Rethinking Postfeminism (and maybe even recent Australian literary history): Australian Chick Lit as the Novel of Feminine Economies of Signs and Spaces

Presented by Dr Margaret Henderson

Date: Friday 5 October, 2018
Time: 3:00pm-4:00pm
Location: Digital Learning Space (Room 224, Level 2), Joyce Ackroyd Building (#37) 

Abstract:

Chick lit, the popular fiction genre that humorously narrates the love and work travails of a young(ish), relatively independent heroine, is typically seen as the postfeminist genre, “establishing the salient characteristics of postfeminism in the popular consciousness” (Gamble 63), most notably, conspicuous consumption, updated mores of heterosexual romance, and a contemporary female ambivalence regarding feminist freedoms. These qualities, along with chick lit’s talent for savvy marketing, has led to criticism, such as Beryl Bainbridge’s description of it as “a froth sort of thing” (2001), or Angela McRobbie’s use of Bridget Jones’ Diary as exemplifying postfeminism’s disavowal of feminism (2007). As part of a longer study of Australian postfeminist culture, this paper’s discussion of Australian chick lit, however, uncovers a more substantial form of the insubstantial, with implications for how we think about postfeminism and, to a lesser extent, recent Australian literary history.

This paper will historically contextualise chick lit in terms of the category of women’s writing, provide an overview of the characteristic features of Australian chick lit, and then discuss the local form of the genre as an updating of the working girl novel.

I argue that, in a dynamic we see repeated across Australian postfeminist culture, Australian chick lit seductively but not uncritically integrates the legacy and aftermath of second wave feminism into the neoliberal project, establishing a politically and historically significant literary genre that troubles the orthodoxies of postfeminism. Its humorous and relatively ethnically diverse narratives of female “cultural intermediaries”  (Bourdieu 1984, Featherstone 2007) perfectly capture Australia’s insertion into circuits of post-Fordist capitalism, termed by Scott Lash and John Urry as the economy of signs and space (4), and the special role allotted to women in these circuits. Australian chick lit, therefore, does more serious political and literary work than is usually granted.

 

Presenter:

Margaret Henderson is currently completing a study of Australian postfeminist culture, with Anthea Taylor, and a study of the American punk writer, Kathy Acker, both to be published by Routledge in 2018-19.  

.

Dr Marg Henderson

 

About Research Seminar and Workshop Series

 


The research seminar and workshop series' occur each semester, each with a different topic and guest speaker from UQ or otherwise.

Unless otherwise advertised, the seminars occur on a Friday afternoon from 3-4 pm in the Digital Learning Space (Room 224) in the Joyce Ackroyd Building (#37).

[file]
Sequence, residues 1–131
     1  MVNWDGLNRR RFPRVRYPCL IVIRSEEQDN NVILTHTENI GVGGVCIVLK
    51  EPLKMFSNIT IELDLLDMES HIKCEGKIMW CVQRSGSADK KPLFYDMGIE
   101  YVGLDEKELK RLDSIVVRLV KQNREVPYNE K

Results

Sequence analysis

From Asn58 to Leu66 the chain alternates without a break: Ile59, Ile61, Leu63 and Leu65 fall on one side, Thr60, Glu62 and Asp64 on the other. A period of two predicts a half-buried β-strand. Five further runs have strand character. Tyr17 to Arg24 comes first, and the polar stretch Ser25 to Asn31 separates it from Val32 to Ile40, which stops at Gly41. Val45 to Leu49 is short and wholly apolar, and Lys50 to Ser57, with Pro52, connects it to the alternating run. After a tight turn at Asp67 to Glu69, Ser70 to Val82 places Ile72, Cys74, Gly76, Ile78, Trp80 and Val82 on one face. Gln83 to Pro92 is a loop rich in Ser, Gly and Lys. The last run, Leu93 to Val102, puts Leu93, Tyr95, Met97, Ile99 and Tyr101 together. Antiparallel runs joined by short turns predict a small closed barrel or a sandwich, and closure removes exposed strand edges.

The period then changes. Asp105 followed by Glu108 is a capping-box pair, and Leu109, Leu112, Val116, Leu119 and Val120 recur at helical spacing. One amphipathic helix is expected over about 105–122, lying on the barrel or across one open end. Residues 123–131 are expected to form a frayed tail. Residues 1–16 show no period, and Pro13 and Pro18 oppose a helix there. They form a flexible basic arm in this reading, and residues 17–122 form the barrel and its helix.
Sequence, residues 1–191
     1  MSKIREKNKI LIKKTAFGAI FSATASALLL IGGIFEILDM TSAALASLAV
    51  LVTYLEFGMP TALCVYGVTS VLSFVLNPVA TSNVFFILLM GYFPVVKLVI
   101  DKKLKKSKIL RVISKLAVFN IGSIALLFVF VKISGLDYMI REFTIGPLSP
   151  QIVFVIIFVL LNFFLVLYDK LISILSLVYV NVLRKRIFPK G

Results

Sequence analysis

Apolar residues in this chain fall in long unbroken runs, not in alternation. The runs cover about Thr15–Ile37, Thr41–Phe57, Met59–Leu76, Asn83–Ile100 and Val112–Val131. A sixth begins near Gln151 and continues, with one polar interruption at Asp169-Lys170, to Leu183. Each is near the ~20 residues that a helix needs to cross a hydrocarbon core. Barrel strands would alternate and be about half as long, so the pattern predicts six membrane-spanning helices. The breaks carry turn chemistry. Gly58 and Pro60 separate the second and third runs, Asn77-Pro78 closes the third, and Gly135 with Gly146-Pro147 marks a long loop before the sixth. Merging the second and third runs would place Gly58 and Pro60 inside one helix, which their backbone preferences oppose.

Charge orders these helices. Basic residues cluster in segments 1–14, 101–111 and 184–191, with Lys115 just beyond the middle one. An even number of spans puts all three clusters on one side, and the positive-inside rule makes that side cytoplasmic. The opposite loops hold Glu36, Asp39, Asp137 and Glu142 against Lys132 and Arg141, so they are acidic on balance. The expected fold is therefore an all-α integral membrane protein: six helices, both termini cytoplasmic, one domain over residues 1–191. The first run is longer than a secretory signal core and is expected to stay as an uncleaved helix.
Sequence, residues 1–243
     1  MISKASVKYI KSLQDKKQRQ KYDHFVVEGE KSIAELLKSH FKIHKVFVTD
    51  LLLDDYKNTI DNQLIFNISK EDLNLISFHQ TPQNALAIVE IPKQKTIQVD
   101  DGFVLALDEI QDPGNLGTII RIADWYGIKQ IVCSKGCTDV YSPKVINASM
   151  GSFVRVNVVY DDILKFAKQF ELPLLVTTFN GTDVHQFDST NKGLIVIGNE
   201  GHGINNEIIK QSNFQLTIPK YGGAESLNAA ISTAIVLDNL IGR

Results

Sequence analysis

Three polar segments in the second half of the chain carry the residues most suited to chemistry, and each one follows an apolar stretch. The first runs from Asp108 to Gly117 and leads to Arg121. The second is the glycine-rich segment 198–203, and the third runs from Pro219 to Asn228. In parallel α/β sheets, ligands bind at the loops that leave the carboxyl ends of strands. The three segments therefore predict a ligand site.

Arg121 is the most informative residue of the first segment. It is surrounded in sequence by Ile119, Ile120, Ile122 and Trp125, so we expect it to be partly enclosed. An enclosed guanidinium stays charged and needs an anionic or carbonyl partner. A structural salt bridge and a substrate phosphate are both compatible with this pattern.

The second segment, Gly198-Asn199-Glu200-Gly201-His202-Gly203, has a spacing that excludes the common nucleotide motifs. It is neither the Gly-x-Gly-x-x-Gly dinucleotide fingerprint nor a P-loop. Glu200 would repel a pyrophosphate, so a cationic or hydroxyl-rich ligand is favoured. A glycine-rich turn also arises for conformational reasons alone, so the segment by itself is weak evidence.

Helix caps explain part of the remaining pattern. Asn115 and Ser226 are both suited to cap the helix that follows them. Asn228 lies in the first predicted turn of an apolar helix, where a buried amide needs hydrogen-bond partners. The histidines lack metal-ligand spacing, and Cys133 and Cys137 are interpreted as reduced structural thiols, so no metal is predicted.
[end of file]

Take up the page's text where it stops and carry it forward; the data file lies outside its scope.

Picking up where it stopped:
Semester 2, 2018 Seminars & Workshops

 

Monday, 23 July
3pm-4:30pm

Strategic communication in the age of global information warfare: How it works

Digital Learning Space (Room 224, Level 2),
Joyce Ackroyd Building (#37)

Prof Konstantin Pantserev

Friday, 3 August
3-4pm

Algorithmic cultural recommendation: the coded gaze and Google’s face match up

Digital Learning Space (Room 224, Level 2),
Joyce Ackroyd Building (#37)

Dr Caro Wilson-Barnao

Friday, 10 August
9:30am-11:00am

Researching Media Platforms: A Research Methods Conversation

Seminar Room, Level 4, Forgan Smith Tower, UQ St Lucia

Dr Angela Wu (New York University)
Friday, 10 August
3-4 pm

LNR ethics information session

Digital Learning Space (Room 224, Level 2),
Joyce Ackroyd Building (#37)

A/Prof Liz Mackinlay

Friday, 17 August
3-4pm

Host community acculturation orientations, ethnic minority communication, and perceptions toward ethnic minorities: Studies of Chinese Hongkongers

Digital Learning Space (Room 224, Level 2),
Joyce Ackroyd Building (#37)

Prof Ling Chen
(Hong Kong Baptist University)

Friday, 24 August
3-4pm

Hey Siri! How should I title my talk?

Digital Learning Space (Room 224, Level 2),
Joyce Ackroyd Building (#37)

Dr Dan Angus

Friday, 31 August
3-4pm

Tastemaking in Post-digital Literary Culture: The Role of Book Blogs

Digital Learning Space (Room 224, Level 2),
Joyce Ackroyd Building (#37)

Dr Beth Driscoll
(University of Melbourne)

Friday, 7 September
3-4pm

Can We Separate the Art from the Artist? Should We? Moral Character, Artistic Creation, and Ethical Criticism

Digital Learning Space (Room 224, Level 2),
Joyce Ackroyd Building (#37)

Dr Ted Nannicelli
Friday, 14 September
TBC
HDR forum; Research Data Management workshop; Postgraduate Student Welcome  
Friday, 21 September
3-4pm

Young Adult Fantasy: Policing Genre Boundaries

Digital Learning Space (Room 224, Level 2),
Joyce Ackroyd Building (#37)

A/Prof Kim Wilkins
Friday, 5 October
3-4pm

Rethinking Postfeminism (and maybe even recent Australian literary history): Australian Chick Lit as the Novel of Feminine Economies of Signs and Spaces

Digital Learning Space (Room 224, Level 2),
Joyce Ackroyd Building (#37)

Dr Marg Henderson
Wednesday, 28 November
1pm-3:30pm

Workshop - Writing ARC grants: tips and guidance from the experts

Digital Learning Space (Room 224, Level 2),
Joyce Ackroyd Building (#37)

Panel

 

Venue

Digital Learning Space (Room 224, Level 2), Joyce Ackroyd Building (#37)